Aaron Dubois - VP Digital

  • 7-Eleven and Samsung Use Twitter at SXSW to Deliver at Real-Time Speed

    Apr 08 2014

    SXSW, in its 20th year, attracted 31,000 of the world’s influencers and disrupters to Austin for five days. Brands capitalize on this, and many use the festival to launch products or test technology-enabled business innovations. This year, many brands used Twitter to facilitate fulfillment at the speed of social media.  7-Eleven and Samsung both utilized the social network to provide value and sustenance to their most socially active consumers.

    4. 7-Eleven — #GimmePizza

    With so many events going on around town, it was easy to forget to eat! 7-Eleven had staff riding electric bikes around town to deliver pizzas to hungry attendees. All you had to do was Tweet #GimmePizza to 7-Eleven and they contacted you with a location to meet. I saw a lot of empty 7-Eleven pizza boxes around town.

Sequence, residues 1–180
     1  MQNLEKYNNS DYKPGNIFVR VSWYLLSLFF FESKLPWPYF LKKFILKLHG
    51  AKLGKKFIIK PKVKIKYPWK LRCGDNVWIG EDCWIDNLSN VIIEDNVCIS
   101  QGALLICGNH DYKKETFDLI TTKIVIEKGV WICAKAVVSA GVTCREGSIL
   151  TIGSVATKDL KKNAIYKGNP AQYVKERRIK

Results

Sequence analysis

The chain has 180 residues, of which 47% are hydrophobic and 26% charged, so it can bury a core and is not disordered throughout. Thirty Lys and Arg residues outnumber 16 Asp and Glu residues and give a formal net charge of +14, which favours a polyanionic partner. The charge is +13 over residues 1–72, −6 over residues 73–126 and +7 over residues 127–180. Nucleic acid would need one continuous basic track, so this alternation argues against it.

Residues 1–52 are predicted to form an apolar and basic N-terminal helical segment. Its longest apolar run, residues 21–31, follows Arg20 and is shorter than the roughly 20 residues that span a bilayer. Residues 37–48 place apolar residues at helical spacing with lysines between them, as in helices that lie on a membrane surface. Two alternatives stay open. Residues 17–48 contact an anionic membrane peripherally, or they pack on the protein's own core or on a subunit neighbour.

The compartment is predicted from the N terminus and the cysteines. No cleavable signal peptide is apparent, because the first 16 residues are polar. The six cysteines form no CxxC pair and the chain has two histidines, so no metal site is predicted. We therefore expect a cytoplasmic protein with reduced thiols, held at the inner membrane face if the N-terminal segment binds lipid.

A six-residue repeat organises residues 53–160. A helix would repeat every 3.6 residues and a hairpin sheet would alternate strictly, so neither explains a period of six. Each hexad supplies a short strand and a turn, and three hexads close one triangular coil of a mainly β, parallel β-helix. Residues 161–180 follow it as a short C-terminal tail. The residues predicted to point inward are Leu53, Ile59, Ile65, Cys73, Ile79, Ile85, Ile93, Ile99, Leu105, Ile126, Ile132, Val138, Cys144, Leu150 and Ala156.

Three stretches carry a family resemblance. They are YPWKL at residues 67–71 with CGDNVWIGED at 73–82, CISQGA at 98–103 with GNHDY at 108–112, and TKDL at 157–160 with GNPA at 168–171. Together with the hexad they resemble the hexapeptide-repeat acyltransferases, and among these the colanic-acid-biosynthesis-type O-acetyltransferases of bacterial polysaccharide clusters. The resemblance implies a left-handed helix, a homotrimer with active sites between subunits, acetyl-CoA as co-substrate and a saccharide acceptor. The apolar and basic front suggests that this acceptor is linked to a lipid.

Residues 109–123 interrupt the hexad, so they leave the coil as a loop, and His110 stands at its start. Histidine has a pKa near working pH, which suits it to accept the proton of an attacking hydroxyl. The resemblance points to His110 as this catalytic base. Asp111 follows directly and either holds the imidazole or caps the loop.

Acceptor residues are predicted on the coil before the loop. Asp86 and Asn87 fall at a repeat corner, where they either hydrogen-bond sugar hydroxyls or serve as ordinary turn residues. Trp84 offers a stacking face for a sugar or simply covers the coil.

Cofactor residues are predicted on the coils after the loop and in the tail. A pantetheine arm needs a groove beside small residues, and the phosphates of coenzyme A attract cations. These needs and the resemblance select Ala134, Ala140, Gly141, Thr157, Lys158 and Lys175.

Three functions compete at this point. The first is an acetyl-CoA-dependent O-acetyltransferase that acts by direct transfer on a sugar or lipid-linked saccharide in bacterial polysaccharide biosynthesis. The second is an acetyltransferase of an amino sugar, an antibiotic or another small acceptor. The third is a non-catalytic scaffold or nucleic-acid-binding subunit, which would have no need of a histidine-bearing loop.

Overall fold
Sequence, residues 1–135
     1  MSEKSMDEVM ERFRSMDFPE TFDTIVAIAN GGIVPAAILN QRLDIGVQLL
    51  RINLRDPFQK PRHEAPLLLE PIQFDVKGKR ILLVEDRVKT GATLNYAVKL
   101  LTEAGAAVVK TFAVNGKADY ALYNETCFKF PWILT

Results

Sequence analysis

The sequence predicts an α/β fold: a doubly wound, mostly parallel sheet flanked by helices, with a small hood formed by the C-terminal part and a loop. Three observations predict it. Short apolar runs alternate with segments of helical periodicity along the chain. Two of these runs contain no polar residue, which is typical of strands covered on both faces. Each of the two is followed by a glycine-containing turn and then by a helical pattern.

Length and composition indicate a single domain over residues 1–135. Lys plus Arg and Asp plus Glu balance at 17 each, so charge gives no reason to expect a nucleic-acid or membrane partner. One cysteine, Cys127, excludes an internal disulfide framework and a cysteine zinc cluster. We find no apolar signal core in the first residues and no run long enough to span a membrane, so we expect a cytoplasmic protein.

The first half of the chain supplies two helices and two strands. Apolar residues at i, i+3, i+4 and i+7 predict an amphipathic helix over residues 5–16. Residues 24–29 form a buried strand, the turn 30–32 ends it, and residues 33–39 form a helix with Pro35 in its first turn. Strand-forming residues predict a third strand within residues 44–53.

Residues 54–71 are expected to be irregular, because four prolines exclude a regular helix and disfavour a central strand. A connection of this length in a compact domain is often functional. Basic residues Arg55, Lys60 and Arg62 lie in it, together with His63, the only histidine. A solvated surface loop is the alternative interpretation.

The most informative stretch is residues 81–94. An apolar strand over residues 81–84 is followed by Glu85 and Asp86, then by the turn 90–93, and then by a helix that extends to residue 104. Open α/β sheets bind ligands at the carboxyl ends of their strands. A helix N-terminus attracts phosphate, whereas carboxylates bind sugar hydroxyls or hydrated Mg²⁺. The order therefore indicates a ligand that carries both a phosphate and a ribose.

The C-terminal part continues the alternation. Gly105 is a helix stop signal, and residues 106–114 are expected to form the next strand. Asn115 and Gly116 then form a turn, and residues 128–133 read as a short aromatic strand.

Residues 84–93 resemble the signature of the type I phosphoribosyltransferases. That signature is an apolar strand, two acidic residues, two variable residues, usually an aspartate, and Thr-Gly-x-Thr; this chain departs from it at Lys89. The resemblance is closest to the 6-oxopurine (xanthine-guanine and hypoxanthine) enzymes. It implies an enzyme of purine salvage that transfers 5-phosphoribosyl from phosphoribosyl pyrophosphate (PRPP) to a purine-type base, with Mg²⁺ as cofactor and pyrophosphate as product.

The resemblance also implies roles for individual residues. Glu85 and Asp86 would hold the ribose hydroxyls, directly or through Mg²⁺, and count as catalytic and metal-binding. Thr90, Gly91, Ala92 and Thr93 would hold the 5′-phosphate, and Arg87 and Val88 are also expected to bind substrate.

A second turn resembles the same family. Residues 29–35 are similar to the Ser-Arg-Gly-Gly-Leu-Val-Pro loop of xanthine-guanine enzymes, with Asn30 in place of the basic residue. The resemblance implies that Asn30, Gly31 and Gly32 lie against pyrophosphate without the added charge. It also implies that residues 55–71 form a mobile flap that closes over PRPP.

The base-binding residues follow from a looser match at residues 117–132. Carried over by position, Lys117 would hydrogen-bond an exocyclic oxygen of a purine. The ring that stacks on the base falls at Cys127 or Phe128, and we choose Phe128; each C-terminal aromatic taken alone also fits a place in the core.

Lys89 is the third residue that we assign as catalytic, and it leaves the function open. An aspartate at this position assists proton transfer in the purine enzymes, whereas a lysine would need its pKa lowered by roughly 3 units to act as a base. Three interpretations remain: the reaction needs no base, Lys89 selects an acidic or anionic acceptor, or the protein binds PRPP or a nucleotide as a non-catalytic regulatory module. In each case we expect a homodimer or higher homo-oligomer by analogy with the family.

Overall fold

3. Samsung — #PowerOn

    Samsung is always going big. And it has brought them success, as Samsung has risen to dominate global mobile marketshare (though Apple still leads in the U.S). Androids have a bad reputation for being a battery drain, so Samsung had ambassadors walking around the convention center offering battery swaps. If you couldn’t find someone from Samsung, you could tweet #PowerOn to decide on a meeting place for a fully charged battery. Or you could go to its Galaxy House for juice and juice — meaning a new battery and a fresh pressed juice.

    It’s still too early to say if any of these brands were able to activate me, but maybe all these touchpoints were able to nudge me down the customer journey. 

    Jessica Lee - SEO Specialist